Type 1 Diabetes – Overview, Symptoms, and Management
When the body has difficulty in regulating its blood sugar, or glucose levels a disorder is contracted named, diabetes. Medicically known as diabetes mellitus, it is a lifelong disease that needs to be treated and managed properly in order to prevent other serious complications to occur.
How does Type 1 diabetes is contracted?
When the immune system attacks and destroys some cells (beta cells) found in the pancreas, type 1 diabetes disease is already contracted. Type 1 diabetes, otherwise known as insulin-dependent diabetes, or juvenile diabetes, is an autoimmune disease wherein patients must take daily insulin injection for the survival. This disease is one of the most chronic diseases that occurs to young people, often the children.
Because of the attack, the pancreas is unable to produce or does not produce insulin at all, which is needed by the body for the energy. The result is an increase of glucose amount in the blood, which consequentially spills to the urine. The increased level may result to too many complications associated to diabetes so patients are undergoing regular medical treatment, plus they need to watch their diet.
The most common type 1 diabetes signs and symptoms are:
– Excessiveness and frequency of urination
– Losing weight even with increased food appetite
– Susceptibility to different infections
Diagnosing Type 1 diabetes
People with this disease can easily be diagnosed, only within a month after the onset of the symptoms. The doctors may draw blood samples from you and check or measure its content of sugar or glucose levels.
Other specific types of diagnosis may include the following:
· Random blood glucose – sample blood is drawn and checked. Level of more than 200 mg / dl is already an indication of diabetes symptom.
· Fasting blood glucose – blood is drawn early in the morning following an 8-hour period of not eating and drinking beverages except water. 126 mg / dl or higher content of blood sugar level is a diabetes symptom.
· Urine glucose – glucose may spill over to the urine so this can also be checked of sugar content.
· Urine ketones – presence of ketones in the urine is another indication of the symptom.
· Oral glucose tolerance testing – the patient is asked to drink sweet and sugary beverage after an initial fasting blood sugar is obtained.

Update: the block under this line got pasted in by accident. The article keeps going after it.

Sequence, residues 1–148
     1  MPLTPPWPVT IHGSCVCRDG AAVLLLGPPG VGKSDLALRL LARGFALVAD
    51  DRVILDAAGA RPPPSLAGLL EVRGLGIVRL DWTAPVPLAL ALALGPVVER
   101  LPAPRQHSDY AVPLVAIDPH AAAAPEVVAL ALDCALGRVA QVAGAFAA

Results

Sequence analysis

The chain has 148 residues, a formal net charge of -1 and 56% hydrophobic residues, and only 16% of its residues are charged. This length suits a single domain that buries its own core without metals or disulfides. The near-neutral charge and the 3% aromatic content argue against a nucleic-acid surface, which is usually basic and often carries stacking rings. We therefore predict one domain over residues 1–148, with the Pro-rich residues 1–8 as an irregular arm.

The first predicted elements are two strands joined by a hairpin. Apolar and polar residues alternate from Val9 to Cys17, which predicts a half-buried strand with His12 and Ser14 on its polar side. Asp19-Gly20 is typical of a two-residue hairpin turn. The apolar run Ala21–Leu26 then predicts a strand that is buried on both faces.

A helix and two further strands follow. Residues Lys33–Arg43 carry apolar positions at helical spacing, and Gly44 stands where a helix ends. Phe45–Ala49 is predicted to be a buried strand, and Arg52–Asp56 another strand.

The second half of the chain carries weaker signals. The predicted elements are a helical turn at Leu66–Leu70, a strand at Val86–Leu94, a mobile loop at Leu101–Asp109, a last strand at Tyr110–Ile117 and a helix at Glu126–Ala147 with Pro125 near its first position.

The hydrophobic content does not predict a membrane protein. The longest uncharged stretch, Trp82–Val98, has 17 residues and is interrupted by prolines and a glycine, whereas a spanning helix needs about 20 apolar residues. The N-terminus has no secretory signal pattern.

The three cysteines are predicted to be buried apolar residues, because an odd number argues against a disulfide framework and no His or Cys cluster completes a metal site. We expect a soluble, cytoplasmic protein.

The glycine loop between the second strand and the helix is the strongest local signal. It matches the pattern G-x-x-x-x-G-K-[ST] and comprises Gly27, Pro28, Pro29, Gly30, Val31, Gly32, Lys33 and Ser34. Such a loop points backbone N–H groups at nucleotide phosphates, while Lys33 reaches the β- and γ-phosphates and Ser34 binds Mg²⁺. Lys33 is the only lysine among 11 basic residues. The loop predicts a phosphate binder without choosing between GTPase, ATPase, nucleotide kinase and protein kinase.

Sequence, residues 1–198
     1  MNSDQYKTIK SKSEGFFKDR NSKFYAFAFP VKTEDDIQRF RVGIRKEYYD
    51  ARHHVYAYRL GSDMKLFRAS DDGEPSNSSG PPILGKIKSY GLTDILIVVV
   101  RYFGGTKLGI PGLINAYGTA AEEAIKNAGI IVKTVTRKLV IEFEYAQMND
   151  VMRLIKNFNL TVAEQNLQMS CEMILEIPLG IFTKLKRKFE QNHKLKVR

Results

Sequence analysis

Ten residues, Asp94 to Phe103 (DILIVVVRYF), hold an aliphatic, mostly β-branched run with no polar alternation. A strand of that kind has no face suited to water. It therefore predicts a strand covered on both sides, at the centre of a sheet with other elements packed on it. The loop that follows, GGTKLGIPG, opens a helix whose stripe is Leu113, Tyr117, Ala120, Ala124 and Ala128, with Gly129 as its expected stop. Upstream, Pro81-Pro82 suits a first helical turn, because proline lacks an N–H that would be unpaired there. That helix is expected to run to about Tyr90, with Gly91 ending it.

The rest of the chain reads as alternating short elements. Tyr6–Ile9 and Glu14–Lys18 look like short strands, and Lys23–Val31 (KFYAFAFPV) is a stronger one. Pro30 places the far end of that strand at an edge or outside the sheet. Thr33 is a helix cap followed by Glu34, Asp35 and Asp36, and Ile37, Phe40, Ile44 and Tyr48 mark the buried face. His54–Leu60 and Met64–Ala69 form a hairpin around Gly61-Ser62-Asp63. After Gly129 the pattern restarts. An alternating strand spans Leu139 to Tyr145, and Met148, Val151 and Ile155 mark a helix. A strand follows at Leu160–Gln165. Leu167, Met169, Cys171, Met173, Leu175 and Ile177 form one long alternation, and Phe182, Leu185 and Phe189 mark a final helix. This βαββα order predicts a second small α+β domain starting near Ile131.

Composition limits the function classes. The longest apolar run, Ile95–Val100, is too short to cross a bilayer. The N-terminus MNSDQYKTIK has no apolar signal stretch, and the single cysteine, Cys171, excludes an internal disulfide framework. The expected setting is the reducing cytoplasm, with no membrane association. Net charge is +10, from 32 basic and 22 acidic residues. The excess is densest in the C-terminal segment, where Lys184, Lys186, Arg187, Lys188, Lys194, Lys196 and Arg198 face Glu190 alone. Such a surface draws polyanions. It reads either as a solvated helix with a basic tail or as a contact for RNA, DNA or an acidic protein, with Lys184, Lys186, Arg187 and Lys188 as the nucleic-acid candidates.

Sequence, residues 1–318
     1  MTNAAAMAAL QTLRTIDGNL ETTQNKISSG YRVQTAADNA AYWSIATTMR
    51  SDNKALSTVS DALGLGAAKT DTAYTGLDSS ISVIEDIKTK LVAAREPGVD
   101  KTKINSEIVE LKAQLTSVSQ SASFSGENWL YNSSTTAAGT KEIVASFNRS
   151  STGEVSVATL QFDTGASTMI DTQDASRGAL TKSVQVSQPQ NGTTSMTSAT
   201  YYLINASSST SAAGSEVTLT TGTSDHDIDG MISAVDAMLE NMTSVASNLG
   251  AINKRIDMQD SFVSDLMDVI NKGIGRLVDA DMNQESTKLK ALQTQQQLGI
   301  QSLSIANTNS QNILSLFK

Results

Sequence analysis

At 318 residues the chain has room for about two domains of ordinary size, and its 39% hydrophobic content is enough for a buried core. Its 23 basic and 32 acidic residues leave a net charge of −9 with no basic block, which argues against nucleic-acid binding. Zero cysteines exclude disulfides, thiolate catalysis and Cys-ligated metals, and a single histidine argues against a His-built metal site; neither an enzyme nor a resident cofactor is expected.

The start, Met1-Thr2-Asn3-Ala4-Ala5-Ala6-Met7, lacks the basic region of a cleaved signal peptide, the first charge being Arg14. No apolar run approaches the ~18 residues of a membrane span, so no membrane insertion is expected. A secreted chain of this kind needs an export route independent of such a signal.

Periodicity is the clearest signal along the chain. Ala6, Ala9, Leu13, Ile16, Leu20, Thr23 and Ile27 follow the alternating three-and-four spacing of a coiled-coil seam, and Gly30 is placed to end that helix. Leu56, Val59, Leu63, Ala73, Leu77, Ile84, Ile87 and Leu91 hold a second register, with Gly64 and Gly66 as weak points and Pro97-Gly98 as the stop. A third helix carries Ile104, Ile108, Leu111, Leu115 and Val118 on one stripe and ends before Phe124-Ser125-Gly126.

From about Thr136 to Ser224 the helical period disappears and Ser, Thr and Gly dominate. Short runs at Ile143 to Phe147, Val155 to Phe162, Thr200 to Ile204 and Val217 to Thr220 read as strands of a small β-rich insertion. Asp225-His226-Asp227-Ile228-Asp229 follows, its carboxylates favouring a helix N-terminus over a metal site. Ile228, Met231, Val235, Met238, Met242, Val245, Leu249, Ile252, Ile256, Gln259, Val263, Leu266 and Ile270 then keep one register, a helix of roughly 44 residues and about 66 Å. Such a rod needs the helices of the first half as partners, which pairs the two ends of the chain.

· Glycosylated hemoglobin – this is the test done to patients who have been diagnosed using other tests. Doctors operate this test in order to monitor the insulin level of the patient upon which he prescribes a diet to maintain or control your insulin intake.
How to manage Type 1 diabetes?
To control blood sugar or glucose level, a daily one or more dose of insulin is injected to the patient. Injections can be done either through a pen / syringe directly into the skin or through a belt with a pump injecting a continuous concoction of the insulin.
The patients themselves can administer injection for themselves upon learning of the process. In the cases of children patients, their parents or older guardians may take the responsibility.
Exercise and diet to affect Type 1 diabetes patients
Dietary choices are often the same with other people without the disease provided they follow the right pyramid pattern of healthy diets. They need to eat healthy variety of foods and beverages and must eat constantly at the right time, as this is an important factor for the insulin injection. Furthermore, they need to watch out on the content of nutrition labels of what they eat to maintain eating normal levels.
Physical exercising can also benefit the patients but they should know how much time and intensity of the workout that they should carry on. The main benefit that exercising can provide you is your need for insulin may decrease. It is also important to maintain regular amount of workout in the daily basis in order for you to adjust easily your insulin dosages.
Source by Jeanette Pollock